This module will give students the opportunity to develop skills relevant to a career in physics research. It will consist of a laboratory or analytical based research project in one of the Department’s research groups. Each student will work under the supervision of a member of academic staff and will formulate the hypotheses and questions to be addressed and plan and carry out experiments or simulations to test these hypotheses. The outcome of the project will be summarised in a dissertation and the student will keep a notebook of the research, deliver an oral presentation of their work, and prepare a poster of their findings.
Optional modules – students take two:
|Advanced Particle Physics (10 credits)||
Module leader: Professor Dan Tovey
The module provides students with a comprehensive understanding of modern particle physics. Focussing on the standard model it provides a theoretical underpinning of this model and discusses its predictions. Recent developments including the discovery of the Higgs Boson and neutrino oscillation studies are covered. A description of the experiments used to probe the standard model is provided. Finally the module looks at possible physics beyond the standard model.
|Advanced Quantum Mechanics (10 credits)||
Module leader: Dr Pieter Kok
In this course, we will build quantum mechanics from the ground up, starting with linear vector spaces and Hilbert space. We introduce the postulates of quantum mechanics and explore important topics in modern quantum mechanics such as mixed states, decoherence, entanglement, and quantum teleportation. We also give a thorough treatment of spin and orbital angular momentum. In the second part, we look at many body problems in quantum mechanics. We explore the physics of identical particles, and apply this theory to many-electron atoms, spin waves in solids, and atoms in an optical cavity. Finally, we will briefly introduce the basic principles behind quantum field theory.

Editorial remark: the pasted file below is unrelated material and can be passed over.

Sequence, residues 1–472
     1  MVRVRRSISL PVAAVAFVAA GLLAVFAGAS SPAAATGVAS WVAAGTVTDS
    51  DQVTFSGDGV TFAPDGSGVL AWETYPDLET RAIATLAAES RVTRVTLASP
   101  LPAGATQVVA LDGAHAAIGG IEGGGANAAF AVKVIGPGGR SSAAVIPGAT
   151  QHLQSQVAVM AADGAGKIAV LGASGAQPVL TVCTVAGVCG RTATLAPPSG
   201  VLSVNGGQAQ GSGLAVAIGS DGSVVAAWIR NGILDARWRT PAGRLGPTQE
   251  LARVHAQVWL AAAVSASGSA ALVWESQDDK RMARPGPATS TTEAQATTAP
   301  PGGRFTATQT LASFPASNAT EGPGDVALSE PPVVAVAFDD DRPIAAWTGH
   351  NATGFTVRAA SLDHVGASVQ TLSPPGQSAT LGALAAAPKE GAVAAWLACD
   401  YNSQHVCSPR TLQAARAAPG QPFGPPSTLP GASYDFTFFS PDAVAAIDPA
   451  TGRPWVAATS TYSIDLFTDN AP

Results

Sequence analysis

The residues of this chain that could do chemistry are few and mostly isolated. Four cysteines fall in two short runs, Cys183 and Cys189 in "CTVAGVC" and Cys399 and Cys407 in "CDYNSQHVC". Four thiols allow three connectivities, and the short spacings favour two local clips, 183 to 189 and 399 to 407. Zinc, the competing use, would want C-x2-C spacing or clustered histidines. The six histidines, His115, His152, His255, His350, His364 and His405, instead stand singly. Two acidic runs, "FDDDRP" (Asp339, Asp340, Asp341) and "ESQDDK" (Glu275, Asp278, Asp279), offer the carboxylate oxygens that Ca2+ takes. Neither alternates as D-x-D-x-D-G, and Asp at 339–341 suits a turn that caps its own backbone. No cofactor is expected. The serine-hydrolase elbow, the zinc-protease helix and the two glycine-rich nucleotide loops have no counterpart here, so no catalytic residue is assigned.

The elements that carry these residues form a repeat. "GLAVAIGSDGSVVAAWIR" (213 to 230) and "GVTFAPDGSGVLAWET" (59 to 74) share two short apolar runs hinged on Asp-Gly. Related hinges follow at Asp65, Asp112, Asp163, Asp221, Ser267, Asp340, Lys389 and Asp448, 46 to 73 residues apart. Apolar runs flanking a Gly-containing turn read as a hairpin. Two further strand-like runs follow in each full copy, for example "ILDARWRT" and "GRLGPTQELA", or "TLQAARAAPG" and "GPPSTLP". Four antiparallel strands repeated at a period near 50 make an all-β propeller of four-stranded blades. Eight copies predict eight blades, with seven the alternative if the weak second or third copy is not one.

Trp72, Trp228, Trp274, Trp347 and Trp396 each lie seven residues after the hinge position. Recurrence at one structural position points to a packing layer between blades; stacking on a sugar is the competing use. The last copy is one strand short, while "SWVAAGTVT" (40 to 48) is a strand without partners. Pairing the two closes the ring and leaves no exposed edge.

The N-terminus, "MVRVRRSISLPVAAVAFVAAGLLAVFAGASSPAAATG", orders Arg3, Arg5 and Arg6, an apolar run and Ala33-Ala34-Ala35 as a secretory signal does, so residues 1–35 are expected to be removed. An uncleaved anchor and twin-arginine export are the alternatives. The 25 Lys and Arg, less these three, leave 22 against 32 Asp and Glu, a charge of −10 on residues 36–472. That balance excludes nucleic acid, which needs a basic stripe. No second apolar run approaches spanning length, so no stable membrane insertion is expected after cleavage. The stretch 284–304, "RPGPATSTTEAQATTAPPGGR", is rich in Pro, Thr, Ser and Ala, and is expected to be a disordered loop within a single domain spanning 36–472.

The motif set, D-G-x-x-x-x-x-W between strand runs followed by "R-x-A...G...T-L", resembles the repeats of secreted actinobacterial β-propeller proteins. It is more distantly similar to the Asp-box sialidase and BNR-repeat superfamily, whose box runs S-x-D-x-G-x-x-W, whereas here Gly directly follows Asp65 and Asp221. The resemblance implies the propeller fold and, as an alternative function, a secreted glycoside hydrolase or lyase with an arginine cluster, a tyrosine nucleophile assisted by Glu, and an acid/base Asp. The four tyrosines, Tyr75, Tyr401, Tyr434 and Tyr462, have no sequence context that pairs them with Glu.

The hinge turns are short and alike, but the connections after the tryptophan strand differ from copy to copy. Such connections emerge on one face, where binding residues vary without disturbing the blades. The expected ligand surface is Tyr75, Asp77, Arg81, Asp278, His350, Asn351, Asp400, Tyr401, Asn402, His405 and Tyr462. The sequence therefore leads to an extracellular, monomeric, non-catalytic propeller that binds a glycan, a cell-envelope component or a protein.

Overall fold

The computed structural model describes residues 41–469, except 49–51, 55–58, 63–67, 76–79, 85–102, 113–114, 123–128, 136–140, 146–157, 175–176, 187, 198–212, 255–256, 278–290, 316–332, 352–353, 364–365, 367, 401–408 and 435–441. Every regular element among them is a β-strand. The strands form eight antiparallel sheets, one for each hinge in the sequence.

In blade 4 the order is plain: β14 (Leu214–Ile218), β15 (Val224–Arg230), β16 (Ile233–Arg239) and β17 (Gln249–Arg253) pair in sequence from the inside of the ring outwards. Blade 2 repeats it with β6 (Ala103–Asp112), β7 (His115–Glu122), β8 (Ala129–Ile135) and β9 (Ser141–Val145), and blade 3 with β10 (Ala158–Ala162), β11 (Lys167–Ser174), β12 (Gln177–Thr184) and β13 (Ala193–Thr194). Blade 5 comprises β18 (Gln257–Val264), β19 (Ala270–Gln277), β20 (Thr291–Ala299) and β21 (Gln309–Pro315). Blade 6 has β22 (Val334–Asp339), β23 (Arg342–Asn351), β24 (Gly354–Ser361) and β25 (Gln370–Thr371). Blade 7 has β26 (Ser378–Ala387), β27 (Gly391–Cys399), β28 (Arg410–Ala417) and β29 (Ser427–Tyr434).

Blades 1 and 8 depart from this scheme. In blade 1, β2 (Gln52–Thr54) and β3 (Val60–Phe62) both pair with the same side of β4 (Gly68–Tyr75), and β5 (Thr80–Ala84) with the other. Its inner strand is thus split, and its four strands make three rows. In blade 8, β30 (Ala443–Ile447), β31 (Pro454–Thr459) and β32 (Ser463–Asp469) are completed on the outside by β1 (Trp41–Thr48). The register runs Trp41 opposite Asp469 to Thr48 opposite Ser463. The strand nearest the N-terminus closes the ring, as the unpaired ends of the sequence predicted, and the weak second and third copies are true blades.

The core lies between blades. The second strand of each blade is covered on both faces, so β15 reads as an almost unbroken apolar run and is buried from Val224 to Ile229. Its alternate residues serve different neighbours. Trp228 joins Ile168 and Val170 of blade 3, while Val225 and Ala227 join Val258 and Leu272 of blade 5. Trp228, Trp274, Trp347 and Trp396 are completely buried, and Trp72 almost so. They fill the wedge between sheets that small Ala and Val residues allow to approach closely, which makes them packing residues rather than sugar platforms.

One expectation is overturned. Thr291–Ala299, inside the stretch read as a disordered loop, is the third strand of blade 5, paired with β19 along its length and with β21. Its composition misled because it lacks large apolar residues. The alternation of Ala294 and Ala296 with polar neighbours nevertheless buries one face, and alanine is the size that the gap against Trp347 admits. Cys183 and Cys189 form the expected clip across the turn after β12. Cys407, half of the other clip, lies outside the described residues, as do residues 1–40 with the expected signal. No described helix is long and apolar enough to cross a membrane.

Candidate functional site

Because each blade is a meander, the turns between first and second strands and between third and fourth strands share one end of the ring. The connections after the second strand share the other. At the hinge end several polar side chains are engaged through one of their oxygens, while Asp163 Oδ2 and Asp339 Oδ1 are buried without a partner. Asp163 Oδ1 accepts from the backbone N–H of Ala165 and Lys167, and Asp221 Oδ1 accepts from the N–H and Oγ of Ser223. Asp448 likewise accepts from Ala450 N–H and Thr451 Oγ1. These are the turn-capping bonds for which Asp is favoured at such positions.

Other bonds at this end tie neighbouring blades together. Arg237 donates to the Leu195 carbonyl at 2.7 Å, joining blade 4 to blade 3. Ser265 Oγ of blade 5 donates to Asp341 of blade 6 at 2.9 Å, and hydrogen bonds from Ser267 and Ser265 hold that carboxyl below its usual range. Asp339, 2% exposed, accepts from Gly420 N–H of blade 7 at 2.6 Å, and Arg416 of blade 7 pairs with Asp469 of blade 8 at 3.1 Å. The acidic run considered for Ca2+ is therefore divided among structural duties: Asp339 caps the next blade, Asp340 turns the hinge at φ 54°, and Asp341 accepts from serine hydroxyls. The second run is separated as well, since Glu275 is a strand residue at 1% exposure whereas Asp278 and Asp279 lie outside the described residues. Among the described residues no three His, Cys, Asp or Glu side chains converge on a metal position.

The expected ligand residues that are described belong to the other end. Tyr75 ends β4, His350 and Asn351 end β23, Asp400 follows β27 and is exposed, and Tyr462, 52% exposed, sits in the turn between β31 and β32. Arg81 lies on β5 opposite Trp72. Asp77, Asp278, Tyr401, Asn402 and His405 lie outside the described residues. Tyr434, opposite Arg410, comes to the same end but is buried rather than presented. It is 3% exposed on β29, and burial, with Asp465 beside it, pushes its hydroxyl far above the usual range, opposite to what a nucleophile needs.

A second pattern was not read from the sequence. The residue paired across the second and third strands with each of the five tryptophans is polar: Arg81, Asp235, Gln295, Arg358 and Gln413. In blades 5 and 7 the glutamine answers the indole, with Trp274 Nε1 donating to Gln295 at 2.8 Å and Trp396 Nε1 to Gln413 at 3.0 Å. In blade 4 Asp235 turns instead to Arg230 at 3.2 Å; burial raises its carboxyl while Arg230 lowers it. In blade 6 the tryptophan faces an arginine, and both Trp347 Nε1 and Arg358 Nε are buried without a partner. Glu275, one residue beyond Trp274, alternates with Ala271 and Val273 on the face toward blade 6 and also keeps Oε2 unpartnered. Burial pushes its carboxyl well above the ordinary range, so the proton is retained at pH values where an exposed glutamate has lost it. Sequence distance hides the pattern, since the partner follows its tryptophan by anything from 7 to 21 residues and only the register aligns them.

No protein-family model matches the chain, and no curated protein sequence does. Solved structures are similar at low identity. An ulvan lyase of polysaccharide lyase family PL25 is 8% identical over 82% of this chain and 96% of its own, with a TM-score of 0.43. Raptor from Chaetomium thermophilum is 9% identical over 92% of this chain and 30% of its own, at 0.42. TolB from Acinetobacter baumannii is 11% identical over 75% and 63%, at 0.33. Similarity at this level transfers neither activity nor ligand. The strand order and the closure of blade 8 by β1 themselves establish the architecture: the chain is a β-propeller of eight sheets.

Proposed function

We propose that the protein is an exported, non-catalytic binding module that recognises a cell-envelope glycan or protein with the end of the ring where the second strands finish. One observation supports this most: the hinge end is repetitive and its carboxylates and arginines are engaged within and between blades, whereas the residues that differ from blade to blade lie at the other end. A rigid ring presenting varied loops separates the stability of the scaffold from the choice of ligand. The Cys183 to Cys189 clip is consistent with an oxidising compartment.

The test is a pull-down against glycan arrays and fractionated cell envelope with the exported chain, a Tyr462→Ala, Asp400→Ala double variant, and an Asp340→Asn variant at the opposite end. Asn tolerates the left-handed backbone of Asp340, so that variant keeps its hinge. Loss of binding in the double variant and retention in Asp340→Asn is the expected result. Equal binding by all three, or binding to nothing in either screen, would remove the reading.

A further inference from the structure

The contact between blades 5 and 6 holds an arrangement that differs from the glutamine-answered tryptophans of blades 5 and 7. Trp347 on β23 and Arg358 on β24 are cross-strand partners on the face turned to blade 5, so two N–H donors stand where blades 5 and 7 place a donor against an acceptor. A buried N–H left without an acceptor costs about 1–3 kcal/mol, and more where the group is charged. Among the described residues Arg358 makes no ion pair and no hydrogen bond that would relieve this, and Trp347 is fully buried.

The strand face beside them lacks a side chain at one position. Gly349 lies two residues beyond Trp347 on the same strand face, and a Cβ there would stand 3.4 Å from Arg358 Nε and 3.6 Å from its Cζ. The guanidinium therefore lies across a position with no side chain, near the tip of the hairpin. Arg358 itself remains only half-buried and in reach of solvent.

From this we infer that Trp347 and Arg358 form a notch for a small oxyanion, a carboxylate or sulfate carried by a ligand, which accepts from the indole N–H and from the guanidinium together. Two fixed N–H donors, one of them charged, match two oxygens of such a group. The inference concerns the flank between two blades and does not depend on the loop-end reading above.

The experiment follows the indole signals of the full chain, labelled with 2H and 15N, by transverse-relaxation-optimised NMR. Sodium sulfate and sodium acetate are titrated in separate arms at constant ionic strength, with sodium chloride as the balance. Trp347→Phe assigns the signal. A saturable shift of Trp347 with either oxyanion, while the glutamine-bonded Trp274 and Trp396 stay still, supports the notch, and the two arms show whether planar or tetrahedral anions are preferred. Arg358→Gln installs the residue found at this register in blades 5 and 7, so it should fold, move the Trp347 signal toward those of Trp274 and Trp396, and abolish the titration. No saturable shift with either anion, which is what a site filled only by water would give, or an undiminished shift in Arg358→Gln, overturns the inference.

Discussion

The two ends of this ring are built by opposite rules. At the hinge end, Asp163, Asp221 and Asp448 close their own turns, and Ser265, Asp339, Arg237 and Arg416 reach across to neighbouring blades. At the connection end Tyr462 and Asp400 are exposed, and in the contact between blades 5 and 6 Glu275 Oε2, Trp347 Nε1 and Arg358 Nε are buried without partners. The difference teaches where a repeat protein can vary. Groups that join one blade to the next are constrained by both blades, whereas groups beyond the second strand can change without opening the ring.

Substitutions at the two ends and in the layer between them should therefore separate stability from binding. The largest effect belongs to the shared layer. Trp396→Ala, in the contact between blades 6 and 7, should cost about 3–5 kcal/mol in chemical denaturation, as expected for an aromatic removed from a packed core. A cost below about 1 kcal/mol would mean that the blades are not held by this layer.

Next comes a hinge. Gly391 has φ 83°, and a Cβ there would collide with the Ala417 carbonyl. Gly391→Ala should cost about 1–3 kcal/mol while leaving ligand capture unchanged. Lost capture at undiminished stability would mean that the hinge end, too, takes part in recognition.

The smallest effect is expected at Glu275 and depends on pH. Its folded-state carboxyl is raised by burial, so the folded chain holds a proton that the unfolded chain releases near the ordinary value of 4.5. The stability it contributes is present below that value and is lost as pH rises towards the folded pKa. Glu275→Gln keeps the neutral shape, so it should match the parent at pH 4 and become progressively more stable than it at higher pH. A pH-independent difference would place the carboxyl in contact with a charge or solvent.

|An Introduction to General Relativity (10 credits)||
Module leader: Dr Ed Daw
This module introduces coordinate systems and transformations in Euclidean space. The principles of special relativity are reviewed, with emphasis on the coordinate transformations between systems moving at constant velocities. Our discussion of general relativity begins with an introduction to the principle of equivalence. We introduce the Christoffel symbols and the curvature tensors. We study examples of phenomena affected by general relativity, the rate of clocks and the redshift and bending of light in a gravitational field. Finally, we examine space time in the vicinity of the event horizon, the geometry of a non-spinning black hole, and the geometry of wormholes.
|Particle Astrophysics (10 credits)||
Module leader: Dr Susan Cartwright
The Large Hadron Collider accelerates protons to kinetic energies of up to 7000 times their rest mass: a huge technological achievement. Yet, every second, over 500 million particles with energies greater than this collide with the Earth. Where do these particles come from, and how are they accelerated to these astonishing energies? These are, in fact, still open questions in astrophysics. In this module, we will look at the observational evidence for particle acceleration in astrophysical objects, the mechanisms available to accelerate particles, and some of the likely sources, including supernovae and supernova remnants, neutron stars, and active galaxies.